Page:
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Capital accumulation and resources depletion - a Hartwick rule counterfactual

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Listed:
  • Hamilton, Kirk
  • Ruta, Giovanni
  • Tajibaeva, Liaila

Abstract

How rich would resource-abundant countries be if they had actually followed the Hartwick Rule (invest resource rents in other assets) over the past 30 years? The authors use time series data on investments and rents onexhaustible resource extraction for 70 countries to answer this question. The results are striking: Gabon, Trinidad and Tobago, and Venezuela would all be as wealthy as the Republic of Korea, while Nigeria would be five times as well off as it is currently. The authors also derive a more general rule for sustainability-maintain positive constant genuine investment-and use this to draw further empirical results.

Suggested Citation

  • Hamilton, Kirk & Ruta, Giovanni & Tajibaeva, Liaila, 2005. "Capital accumulation and resources depletion - a Hartwick rule counterfactual," Policy Research Working Paper Series 3480, The World Bank.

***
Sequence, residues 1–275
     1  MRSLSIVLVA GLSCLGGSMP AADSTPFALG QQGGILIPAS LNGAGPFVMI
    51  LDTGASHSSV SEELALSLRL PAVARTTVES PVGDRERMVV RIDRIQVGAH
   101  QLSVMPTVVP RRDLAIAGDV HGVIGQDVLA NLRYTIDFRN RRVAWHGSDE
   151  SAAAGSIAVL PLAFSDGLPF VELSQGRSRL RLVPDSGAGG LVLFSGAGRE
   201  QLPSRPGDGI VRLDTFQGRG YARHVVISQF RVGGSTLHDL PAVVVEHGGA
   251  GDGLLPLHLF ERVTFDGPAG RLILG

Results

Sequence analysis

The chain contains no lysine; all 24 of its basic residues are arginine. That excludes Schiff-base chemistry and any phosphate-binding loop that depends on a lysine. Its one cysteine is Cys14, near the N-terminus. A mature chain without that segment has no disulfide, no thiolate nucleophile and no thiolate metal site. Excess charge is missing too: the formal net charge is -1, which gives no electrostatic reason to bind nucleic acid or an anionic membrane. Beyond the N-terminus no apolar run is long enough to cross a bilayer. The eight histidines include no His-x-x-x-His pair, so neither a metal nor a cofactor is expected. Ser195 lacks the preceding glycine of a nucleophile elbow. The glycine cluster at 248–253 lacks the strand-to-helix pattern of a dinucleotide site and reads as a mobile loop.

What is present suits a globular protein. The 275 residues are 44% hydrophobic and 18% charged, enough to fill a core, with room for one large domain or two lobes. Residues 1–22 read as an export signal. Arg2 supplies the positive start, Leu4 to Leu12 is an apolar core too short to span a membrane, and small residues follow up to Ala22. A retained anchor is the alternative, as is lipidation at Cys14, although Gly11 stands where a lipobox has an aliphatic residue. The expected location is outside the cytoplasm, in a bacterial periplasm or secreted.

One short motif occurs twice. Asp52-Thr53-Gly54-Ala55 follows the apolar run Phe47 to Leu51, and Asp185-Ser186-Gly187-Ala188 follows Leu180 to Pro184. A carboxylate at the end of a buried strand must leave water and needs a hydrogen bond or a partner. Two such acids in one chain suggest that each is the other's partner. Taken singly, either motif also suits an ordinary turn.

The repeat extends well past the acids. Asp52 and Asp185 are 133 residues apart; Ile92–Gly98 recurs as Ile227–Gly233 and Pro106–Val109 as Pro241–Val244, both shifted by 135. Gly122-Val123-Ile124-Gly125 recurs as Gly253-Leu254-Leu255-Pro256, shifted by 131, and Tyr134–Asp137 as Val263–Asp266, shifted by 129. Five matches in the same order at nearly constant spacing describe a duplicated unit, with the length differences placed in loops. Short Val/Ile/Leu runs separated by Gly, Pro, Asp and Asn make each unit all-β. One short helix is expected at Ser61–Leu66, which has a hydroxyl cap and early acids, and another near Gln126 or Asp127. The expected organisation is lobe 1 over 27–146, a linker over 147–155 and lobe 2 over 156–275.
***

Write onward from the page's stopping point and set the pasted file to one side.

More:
• Handle: RePEc:wbk:wbrwps:3480
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    References listed on IDEAS

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    1. Lange, Glenn-Marie & Wright, Matthew, 2004. "Sustainable development in mineral economies: the example of Botswana," Environment and Development Economics, Cambridge University Press, vol. 9(04), pages 485-505, August.
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    More about this item

    Keywords

    International Terrorism&Counterterrorism; Economic Theory&Research; Fiscal&Monetary Policy; Capital Markets and Capital Flows; Decentralization; Economic Theory&Research; Environmental Economics&Policies; International Terrorism&Counterterrorism; Economic Growth; Banks&Banking Reform;

    JEL classification:

    • Q01 - Agricultural and Natural Resource Economics; Environmental and Ecological Economics - - General - - - Sustainable Development
    • Q32 - Agricultural and Natural Resource Economics; Environmental and Ecological Economics - - Nonrenewable Resources and Conservation - - - Exhaustible Resources and Economic Development
    • Q56 - Agricultural and Natural Resource Economics; Environmental and Ecological Economics - - Environmental Economics - - - Environment and Development; Environment and Trade; Sustainability; Environmental Accounts and Accounting; Environmental Equity; Population Growth

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